If you know him at all, and I did not, it is more likely as a poet and performer. He counts among the “language poets,” a group for whom the elements of language mattered as much as their meaning. He admired chance procedures in music by John Cage as well, and he meant many of his drawings as scores. That includes letters from Sanskrit chants and prayers, arranged every which way on graph paper as his Gathas, starting in 1961. It also includes the Skew Lines from 1979, in light pen traces that he imagined as “dropped” onto paper. Their length corresponds to the duration of sounds, and never mind that he rarely got around to performing them.

With each stage, Mac Low was working against his time, like a proper avant-garde artist. Born in 1922, he made text art just when Abstract Expressionism and then Minimalism insisted on the purity of visual expression. Then he made his text visually alive and unreadable, just when art had become drier and more ironic. Still, he was by no means standing apart from his time. It comes as a shock to discover pen drawings from 1951 as fluid, dense, and abstract as those by Jackson Pollock that very year. It comes as a shock, too, to see his “static film” of a tree from 1961, three years before Andy Warhol shot the Empire State Building.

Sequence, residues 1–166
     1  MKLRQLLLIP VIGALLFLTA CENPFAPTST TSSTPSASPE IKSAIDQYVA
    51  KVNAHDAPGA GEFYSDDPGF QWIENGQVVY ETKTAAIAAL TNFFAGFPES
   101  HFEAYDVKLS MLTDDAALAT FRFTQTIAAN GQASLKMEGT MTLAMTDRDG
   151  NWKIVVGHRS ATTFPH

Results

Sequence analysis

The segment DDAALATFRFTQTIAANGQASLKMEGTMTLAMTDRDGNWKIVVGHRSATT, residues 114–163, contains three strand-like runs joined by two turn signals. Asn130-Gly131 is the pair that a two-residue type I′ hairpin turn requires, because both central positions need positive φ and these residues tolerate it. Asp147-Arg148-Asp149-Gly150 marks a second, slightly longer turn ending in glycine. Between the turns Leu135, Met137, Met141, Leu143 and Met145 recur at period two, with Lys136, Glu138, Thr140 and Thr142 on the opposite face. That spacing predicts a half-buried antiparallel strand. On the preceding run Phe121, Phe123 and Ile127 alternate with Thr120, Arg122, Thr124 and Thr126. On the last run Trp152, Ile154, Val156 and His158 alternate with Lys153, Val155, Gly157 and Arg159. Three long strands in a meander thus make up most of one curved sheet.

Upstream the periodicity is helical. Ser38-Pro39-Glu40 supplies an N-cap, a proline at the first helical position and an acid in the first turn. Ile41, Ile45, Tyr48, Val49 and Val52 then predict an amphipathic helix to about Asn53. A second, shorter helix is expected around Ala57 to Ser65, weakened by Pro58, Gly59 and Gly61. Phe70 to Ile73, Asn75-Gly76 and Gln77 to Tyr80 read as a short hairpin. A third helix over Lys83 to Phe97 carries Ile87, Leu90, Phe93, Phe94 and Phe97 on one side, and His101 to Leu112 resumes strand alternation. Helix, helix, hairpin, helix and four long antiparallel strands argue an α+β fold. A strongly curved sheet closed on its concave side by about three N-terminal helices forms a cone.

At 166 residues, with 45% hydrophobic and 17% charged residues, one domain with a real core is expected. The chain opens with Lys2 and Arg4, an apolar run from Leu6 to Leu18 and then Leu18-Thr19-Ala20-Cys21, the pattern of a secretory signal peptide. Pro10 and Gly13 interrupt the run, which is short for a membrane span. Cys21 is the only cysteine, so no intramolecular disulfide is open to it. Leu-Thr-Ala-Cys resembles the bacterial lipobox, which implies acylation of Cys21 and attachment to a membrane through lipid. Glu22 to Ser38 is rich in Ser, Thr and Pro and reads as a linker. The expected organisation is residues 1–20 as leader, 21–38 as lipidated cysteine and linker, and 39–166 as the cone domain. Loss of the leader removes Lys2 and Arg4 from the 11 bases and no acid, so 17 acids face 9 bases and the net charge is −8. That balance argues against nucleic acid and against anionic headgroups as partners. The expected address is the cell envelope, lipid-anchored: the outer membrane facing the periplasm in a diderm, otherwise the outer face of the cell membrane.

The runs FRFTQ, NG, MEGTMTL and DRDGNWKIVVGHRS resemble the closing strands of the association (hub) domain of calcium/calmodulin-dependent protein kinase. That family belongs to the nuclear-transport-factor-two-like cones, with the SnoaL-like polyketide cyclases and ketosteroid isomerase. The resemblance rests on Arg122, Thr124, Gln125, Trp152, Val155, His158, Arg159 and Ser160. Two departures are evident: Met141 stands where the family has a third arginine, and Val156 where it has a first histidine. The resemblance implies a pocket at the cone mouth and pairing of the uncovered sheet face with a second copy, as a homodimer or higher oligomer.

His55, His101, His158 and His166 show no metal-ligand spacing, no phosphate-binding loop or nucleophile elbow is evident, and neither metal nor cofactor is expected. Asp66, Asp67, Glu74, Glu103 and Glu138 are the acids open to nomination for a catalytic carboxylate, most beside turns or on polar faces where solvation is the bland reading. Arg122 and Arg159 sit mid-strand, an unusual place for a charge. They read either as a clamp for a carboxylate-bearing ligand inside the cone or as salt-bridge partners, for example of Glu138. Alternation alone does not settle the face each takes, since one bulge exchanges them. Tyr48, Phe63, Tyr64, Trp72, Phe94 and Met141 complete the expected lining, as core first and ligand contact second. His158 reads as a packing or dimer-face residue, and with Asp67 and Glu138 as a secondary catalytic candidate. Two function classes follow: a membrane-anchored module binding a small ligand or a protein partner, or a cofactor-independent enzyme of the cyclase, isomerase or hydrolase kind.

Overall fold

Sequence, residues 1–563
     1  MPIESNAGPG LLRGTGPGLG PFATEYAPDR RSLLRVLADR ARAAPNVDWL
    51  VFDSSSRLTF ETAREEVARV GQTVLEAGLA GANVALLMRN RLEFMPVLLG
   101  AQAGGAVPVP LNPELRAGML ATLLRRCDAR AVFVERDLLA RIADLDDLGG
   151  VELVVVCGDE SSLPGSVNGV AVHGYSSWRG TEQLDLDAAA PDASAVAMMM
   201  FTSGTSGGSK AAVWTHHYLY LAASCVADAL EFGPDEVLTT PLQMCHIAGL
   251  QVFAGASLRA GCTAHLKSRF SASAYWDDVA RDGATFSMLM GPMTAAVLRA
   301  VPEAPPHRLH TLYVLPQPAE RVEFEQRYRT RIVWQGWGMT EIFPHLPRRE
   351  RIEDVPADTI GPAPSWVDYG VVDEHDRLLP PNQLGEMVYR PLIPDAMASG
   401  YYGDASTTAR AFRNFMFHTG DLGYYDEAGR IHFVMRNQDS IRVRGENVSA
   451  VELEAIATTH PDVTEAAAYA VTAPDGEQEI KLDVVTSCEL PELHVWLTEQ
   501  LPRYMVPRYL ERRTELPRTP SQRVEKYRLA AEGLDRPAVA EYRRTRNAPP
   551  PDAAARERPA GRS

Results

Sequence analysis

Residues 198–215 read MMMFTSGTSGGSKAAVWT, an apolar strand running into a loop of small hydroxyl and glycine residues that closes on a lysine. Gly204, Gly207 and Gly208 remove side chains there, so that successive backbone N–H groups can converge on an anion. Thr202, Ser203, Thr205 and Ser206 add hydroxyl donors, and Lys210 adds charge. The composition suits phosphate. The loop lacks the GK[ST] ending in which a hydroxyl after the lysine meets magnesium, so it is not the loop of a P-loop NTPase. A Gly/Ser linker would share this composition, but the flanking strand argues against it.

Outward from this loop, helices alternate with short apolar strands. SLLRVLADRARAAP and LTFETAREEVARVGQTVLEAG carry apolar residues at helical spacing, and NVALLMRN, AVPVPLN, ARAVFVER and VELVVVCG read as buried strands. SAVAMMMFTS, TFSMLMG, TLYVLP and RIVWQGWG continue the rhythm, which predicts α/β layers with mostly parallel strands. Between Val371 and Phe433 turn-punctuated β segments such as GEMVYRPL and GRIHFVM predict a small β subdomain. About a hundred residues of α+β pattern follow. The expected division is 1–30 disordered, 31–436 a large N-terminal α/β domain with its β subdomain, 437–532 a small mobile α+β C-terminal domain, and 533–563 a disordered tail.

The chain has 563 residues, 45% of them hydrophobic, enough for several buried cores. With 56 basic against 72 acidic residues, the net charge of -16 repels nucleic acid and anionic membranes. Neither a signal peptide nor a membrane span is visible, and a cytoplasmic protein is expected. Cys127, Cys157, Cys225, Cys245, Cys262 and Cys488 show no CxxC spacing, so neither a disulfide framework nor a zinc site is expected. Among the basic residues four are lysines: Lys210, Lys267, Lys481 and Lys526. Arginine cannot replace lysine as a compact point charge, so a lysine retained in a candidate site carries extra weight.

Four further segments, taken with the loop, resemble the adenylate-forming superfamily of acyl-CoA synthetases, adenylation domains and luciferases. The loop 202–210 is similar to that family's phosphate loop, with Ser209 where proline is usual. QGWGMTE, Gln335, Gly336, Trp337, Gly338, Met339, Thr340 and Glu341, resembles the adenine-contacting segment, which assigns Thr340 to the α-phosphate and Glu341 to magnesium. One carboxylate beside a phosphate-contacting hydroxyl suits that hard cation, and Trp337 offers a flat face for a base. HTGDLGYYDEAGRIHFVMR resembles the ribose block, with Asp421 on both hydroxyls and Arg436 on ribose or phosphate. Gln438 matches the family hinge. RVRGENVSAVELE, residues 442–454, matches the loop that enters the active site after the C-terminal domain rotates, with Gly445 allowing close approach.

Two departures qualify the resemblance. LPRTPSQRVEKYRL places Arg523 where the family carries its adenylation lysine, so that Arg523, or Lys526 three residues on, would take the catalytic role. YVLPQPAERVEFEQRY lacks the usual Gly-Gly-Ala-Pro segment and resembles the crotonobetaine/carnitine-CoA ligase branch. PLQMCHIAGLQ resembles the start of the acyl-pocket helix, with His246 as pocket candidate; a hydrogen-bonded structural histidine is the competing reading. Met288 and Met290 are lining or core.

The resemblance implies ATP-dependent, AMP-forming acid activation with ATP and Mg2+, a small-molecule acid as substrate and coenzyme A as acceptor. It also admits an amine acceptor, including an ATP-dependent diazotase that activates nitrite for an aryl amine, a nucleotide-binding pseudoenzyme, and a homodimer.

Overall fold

Static or not, his only constant was change. As it happens, he shares the Center with Amy Sillman, who called her last exhibition “Stuff Change“—here with a video of drawings inspired by Ovid’s Metamorphoses. (The main gallery holds a hybrid of art and architecture by Mateo López.) The display begins in 1953 with something akin to primitive traces, although also to black brushwork by Franz Kline—followed by the equally primitive language of Hi and Ape, just one coarse red word to a sheet. More jumbled text from the 1960s approaches aphorisms, and one last series, from 1995, takes language to the edge of landscape, with the faint pencil of Birds, Trees, Mountains, Moss, and Leaves. As an artist Mac Low may have earned only a footnote, but as a performer he had entered fully into space.

Read more, now in a feature-length article on this site.